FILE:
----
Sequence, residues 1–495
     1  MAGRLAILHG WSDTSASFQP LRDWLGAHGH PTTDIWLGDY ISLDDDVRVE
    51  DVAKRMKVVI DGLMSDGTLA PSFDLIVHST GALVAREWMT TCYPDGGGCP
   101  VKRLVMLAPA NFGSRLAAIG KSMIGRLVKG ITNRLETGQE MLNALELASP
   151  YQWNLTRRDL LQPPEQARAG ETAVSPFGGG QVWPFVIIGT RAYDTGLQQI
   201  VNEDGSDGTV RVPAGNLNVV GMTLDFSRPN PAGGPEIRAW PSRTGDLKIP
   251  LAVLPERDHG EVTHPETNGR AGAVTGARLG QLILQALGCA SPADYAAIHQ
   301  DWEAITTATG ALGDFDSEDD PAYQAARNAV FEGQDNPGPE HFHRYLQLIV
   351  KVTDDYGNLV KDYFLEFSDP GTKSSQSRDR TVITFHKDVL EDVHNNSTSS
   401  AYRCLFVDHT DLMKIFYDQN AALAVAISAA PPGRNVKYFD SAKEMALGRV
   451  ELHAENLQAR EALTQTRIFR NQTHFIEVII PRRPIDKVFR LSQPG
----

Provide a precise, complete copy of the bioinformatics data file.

Sequence, residues 1–495
     1  MAGRLAILHG WSDTSASFQP LRDWLGAHGH PTTDIWLGDY ISLDDDVRVE
    51  DVAKRMKVVI DGLMSDGTLA PSFDLIVHST GALVAREWMT TCYPDGGGCP
   101  VKRLVMLAPA NFGSRLAAIG KSMIGRLVKG ITNRLETGQE MLNALELASP
   151  YQWNLTRRDL LQPPEQARAG ETAVSPFGGG QVWPFVIIGT RAYDTGLQQI
   201  VNEDGSDGTV RVPAGNLNVV GMTLDFSRPN PAGGPEIRAW PSRTGDLKIP
   251  LAVLPERDHG EVTHPETNGR AGAVTGARLG QLILQALGCA SPADYAAIHQ
   301  DWEAITTATG ALGDFDSEDD PAYQAARNAV FEGQDNPGPE HFHRYLQLIV
   351  KVTDDYGNLV KDYFLEFSDP GTKSSQSRDR TVITFHKDVL EDVHNNSTSS
   401  AYRCLFVDHT DLMKIFYDQN AALAVAISAA PPGRNVKYFD SAKEMALGRV
   451  ELHAENLQAR EALTQTRIFR NQTHFIEVII PRRPIDKVFR LSQPG